I had another friend in the same era named Royce Eaton, from Daytona.  Royce was about 65 years old then, and ran a small hobby type performance motorcycle shop. Memory tells me Royce was a retired airline pilot.  I don’t know what became of him either.  But anyway, there was no way I ever could keep up the pace with Royce his vintage class Triumph T100 Trident, me riding aggressively on my highly modified and more modern GS 750 Suzuki.  Conservation of momentum seemed to be the biggest part of his secret.

Royce’s riding style?  You guessed it.  Tucked in, knees on the tank, always in control, never climbing around on the bike.  Royce also shunned hanging off, and I believe that most of his racing experience had been on asphalt.

Boet van Dulmen and other big stars

hanging off

Tucked in old school style

Again, this may be an unfamiliar name to many younger readers.  Van Dulmen was a Dutch world class road racing star who was at the top of his career in the late 70s, around the time of Barry Sheene, Kenny Roberts, Freddy Spencer, and the likes of that era.  Van Dulmen was in fact quite renowned for his lightning fast and always tucked in riding position, but it was a style that was beginning to fall out of favor at that time.

Watch this short documentary and interview with Boet van Dulmen about the Assen TT in 1981, and why Van Dulmen won it.  The commentary and interview are in Dutch.  A couple of minutes into the video you will see the effectiveness of Boet’s upright style.  It’s interesting to see him passing Marco Lucchinelli in the rain, knee all stuck out to the side, while van Dulmen stays tucked in.

So, why hang off? Let’s ask the road racing guru, Keith Code.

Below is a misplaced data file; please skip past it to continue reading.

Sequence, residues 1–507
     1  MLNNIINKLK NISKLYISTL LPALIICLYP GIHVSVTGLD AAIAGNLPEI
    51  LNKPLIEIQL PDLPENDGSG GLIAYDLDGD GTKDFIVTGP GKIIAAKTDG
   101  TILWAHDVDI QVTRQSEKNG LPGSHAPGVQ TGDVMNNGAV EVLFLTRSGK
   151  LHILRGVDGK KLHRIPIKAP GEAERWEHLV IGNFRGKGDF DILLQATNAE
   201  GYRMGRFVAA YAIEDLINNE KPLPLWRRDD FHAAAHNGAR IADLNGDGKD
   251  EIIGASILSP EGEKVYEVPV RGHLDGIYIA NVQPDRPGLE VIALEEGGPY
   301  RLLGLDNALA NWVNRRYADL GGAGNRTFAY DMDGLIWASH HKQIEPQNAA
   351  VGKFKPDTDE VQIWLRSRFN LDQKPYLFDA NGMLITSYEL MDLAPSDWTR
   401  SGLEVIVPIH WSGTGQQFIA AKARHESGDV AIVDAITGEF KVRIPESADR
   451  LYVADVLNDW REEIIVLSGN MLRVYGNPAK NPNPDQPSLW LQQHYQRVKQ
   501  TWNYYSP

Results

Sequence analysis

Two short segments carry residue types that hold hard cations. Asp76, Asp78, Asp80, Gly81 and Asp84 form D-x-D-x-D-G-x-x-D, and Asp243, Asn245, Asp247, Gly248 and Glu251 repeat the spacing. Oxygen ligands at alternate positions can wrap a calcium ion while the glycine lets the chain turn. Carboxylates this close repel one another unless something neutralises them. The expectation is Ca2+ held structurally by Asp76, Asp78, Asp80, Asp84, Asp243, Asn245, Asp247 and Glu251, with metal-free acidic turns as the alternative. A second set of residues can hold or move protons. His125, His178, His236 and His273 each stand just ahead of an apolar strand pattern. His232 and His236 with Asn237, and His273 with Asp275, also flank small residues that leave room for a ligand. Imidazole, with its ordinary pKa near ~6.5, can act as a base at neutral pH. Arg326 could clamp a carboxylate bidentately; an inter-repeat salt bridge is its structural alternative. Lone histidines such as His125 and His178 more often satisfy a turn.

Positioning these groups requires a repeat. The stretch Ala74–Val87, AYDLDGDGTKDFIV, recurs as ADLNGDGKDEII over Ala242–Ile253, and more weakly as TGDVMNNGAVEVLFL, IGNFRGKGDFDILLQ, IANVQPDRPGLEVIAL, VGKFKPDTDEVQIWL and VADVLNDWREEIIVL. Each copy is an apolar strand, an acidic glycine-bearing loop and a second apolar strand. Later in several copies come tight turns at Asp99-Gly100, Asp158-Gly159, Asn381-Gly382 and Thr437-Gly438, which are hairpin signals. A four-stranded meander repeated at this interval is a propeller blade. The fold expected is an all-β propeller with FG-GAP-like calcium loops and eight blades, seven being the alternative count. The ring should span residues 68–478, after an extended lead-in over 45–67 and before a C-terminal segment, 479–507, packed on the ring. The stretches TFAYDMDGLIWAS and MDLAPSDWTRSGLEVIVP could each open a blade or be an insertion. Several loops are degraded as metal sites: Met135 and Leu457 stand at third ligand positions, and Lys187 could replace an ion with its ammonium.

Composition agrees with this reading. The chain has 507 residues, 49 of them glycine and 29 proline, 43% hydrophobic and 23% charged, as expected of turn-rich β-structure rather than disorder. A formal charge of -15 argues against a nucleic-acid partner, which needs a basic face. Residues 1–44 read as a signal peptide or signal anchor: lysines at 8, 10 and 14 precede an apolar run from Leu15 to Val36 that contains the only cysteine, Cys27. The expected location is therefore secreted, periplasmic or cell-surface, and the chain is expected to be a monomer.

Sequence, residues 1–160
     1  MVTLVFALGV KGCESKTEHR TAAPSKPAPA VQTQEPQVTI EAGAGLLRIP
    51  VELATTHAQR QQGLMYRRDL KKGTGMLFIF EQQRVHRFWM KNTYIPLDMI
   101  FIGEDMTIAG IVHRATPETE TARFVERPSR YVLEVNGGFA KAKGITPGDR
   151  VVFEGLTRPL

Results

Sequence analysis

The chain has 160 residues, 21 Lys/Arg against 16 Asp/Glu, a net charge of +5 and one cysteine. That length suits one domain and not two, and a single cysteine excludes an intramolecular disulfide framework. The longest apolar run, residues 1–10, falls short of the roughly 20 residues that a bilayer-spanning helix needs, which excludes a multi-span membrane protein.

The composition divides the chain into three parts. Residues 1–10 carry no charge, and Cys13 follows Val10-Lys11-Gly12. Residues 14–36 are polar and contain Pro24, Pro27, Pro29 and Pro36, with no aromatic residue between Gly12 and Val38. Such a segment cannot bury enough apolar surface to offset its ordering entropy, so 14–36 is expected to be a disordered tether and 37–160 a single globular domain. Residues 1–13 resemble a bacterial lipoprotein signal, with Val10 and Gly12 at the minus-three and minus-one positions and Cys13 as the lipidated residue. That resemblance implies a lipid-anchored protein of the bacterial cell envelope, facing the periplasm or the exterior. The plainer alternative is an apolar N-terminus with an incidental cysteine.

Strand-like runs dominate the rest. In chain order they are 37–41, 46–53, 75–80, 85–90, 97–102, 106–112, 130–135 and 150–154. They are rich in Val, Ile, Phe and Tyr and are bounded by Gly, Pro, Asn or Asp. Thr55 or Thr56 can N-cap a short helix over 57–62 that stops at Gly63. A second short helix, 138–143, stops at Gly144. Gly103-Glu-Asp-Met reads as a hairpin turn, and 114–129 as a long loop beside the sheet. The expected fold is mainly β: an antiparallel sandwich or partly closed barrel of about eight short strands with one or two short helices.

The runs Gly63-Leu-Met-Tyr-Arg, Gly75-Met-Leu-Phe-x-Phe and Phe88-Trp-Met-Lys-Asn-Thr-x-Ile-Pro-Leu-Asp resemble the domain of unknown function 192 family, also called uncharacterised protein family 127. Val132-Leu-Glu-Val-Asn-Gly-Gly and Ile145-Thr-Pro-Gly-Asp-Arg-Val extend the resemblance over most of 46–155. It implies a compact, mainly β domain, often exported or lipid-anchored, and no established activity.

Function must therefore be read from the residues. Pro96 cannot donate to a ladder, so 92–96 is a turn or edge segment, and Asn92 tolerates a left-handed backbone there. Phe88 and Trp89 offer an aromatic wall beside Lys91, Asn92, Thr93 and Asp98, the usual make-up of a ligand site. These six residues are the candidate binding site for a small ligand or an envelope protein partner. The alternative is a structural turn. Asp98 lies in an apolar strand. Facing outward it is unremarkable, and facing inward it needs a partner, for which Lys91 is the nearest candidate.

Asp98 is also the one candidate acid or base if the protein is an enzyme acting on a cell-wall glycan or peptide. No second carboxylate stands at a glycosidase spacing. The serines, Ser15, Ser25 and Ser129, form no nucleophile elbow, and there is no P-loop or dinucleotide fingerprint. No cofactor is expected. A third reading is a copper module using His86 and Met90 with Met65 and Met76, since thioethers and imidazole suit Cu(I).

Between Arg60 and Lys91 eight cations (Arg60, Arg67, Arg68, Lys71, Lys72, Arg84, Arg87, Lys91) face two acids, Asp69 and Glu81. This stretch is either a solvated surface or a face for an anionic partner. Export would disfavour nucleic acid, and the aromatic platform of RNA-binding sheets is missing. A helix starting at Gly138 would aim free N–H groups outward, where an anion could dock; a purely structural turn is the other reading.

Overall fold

I had the privilege of receiving personal instruction from the Master, Keith Code, back in the days before the California Superbike School had become a huge deal.  I attended a road racing school under his tutelage at Roebling Road in the Spring of 1984.  Hanging off was not a subject that was recommended during that class.  Here is what Keith has to say on the subject in his classic work, Twist of the Wrist:

You are moving your body weight from the top of the bike to a position that is lower and to the inside. This changes how your weight influences the bike when centrifugal force begins pushing it toward the outside of the turn. When you weight is higher on the bike, it gives the cornering forces a lever to work with. To overcome the centrifugal force, the bike must be leaned over in the turn. The greater the force, the more you must lean to overcome it. By hanging off, you move your weight to the inside of the bike and lower to the ground, presenting less of a lever for the forces to act upon. This does not weaken the force, it simply lessens its effect. Now the bike does not have to be leaned over as far to make the same radius of turn, and CAN GO FASTER WITHOUT having to INCREASE the lean angle. Even if you go through the turn at the same speed as a rider sitting upright on his machine, you can begin your acceleration sooner than he can because your straight-up bike has more rubber on the road This can be a tremendous advantage. Remember, increasing your speed in a turn effectively decreases the radius of the turn. Right or wrong, everyone who is currently competitive us IS hanging off.

Hanging off has nothing to do with safety!

kevin-schwantz hang off

Kevin Schwantz displaying excellent weight distribution form.

I have heard it said by bench racers, who once spent at most a handful of times on a racetrack, that hanging off prevents you from low siding.  That’s pure bullshit, as evidenced by Keith’s comments above.  Hanging off is about being competitive on the modern racetrack, and nothing more.  It’s about carrying a higher speed while leaned over at the same maximum angle as the guy who is not hanging off.  When riding with a group of other riders who are also not world class competition material, it’s pretty meaningless.